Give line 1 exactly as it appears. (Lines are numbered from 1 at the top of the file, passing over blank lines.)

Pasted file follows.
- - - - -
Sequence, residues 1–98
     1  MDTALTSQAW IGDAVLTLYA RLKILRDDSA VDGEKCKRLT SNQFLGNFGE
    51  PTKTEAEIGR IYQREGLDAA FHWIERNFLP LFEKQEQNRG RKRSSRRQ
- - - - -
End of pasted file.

Sequence, residues 1–98